old fashioned thrift

A neighbour of Mr Shoestring’s mum often sells surplus home grown veg at their front gate. This week they had butternut squashes and pumpkins. We bought a huge pumpkin for £2 and two butternut squashes for 50p each.

The pumpkin firstly became a lantern for the local kids. We always take part – I like seeing the little kids dressed in their funny costumes. This is now waiting to become soup, of course. I am not letting it go to waste.

old fashioned thrift

In the meantime, I made some delicious butternut squash soup. The two squashes made 12 portions. Again, I will post the recipe for this soon.

Halloween costume

We always dress up for Halloween at work. We need to keep our evil spirits up! I didn’t have lots of time to make a crazy costume or the money for anything expensive. I opted for a T shirt from Lidl for £2.50 and a witch hat from the charity shop for 50p. old fashioned thrift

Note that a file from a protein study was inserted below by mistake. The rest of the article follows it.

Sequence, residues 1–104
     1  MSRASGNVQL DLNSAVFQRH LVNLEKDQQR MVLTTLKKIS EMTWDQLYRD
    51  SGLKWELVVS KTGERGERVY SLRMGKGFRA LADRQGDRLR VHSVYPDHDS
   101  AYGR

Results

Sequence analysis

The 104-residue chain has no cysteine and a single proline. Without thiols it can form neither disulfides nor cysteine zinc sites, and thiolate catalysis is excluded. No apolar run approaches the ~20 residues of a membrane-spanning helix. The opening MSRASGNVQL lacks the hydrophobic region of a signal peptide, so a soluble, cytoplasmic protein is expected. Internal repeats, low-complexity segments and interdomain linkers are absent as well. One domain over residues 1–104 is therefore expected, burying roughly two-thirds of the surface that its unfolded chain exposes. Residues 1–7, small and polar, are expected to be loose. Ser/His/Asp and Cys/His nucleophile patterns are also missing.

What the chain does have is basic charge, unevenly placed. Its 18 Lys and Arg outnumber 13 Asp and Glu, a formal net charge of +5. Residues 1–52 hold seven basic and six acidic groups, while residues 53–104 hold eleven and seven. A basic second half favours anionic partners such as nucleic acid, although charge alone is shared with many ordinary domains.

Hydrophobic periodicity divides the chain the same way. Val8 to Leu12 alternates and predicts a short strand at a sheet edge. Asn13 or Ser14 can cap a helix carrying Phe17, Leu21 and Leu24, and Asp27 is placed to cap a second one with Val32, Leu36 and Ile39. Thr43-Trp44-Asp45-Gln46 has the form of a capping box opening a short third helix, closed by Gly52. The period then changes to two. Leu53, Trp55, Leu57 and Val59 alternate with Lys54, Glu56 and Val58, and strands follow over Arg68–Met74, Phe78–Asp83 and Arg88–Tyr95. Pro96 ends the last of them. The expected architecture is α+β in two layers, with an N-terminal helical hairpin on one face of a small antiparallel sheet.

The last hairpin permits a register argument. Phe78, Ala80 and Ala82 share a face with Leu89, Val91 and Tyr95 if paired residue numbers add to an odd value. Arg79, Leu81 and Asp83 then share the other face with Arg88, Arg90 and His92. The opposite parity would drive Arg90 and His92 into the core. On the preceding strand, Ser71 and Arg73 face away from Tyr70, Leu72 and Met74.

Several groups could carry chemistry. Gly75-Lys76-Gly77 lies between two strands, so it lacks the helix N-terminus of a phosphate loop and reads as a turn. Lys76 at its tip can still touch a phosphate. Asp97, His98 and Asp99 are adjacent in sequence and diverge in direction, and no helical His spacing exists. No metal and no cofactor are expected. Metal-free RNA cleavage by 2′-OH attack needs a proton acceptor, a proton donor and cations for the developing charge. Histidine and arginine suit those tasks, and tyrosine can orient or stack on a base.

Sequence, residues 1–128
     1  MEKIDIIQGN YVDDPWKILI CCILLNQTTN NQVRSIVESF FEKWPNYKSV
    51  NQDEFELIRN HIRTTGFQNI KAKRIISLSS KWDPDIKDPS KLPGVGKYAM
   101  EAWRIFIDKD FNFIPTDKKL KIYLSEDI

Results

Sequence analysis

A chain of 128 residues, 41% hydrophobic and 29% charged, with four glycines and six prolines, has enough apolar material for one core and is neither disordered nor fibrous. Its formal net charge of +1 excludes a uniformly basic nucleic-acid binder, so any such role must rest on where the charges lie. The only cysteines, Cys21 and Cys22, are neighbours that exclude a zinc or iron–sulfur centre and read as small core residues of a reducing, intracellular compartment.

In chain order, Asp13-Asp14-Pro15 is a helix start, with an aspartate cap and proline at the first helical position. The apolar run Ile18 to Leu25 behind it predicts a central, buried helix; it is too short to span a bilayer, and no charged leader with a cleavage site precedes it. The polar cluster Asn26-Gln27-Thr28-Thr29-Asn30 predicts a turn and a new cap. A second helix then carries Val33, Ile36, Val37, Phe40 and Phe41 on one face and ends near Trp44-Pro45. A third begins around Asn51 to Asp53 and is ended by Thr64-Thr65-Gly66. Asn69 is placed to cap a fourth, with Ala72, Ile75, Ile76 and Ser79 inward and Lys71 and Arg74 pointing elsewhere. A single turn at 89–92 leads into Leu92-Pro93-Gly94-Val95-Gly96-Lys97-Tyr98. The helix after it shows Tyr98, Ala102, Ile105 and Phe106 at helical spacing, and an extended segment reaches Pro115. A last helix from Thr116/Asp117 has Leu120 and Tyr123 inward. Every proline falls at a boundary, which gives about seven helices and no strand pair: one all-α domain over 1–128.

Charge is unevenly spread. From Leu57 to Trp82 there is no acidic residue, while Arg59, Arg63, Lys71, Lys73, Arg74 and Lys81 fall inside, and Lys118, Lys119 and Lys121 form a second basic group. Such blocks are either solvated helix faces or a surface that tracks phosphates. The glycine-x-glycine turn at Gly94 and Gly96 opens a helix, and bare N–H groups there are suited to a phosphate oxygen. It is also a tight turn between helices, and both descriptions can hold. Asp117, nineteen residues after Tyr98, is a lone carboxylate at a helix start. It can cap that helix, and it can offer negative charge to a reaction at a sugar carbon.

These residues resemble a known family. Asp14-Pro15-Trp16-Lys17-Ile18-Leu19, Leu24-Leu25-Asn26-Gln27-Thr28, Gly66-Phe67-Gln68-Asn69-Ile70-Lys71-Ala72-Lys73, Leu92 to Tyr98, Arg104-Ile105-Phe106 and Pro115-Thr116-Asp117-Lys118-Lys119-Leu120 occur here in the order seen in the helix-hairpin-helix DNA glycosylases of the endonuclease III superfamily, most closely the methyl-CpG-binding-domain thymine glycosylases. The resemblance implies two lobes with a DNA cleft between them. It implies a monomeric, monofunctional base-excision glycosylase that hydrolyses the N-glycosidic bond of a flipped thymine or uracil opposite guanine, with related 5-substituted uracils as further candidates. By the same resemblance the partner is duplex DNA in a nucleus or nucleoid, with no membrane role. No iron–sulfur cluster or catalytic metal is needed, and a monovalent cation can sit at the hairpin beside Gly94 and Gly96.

This picture shows what a lovely bunch of crazies I work with.

Zero waste lunch box

old fashioned thrift

OK, this isn’t exactly old fashioned thrift. However, I was recently gifted this brilliant stainless steel lunchbox by &Keep, a brilliant zero waste online shop. Taking my own packed lunch to work every day saves me a ton of money and I can see myself using this one for years to come.

I would love to move towards a completely plastic-free life. This is a great little two tier lunch box with a separate small container, which I take my snack of nuts in.

I love going back to the days where old fashioned thrift was seen as an admirable and virtuous thing. It saves money and is good for the planet.

What have your frugal achievements been this week? As ever, I am linking up with  Cass Emma  and Becky in their Five Frugal Things linky.

10 thoughts on “Old fashioned thrift: this week’s five frugal things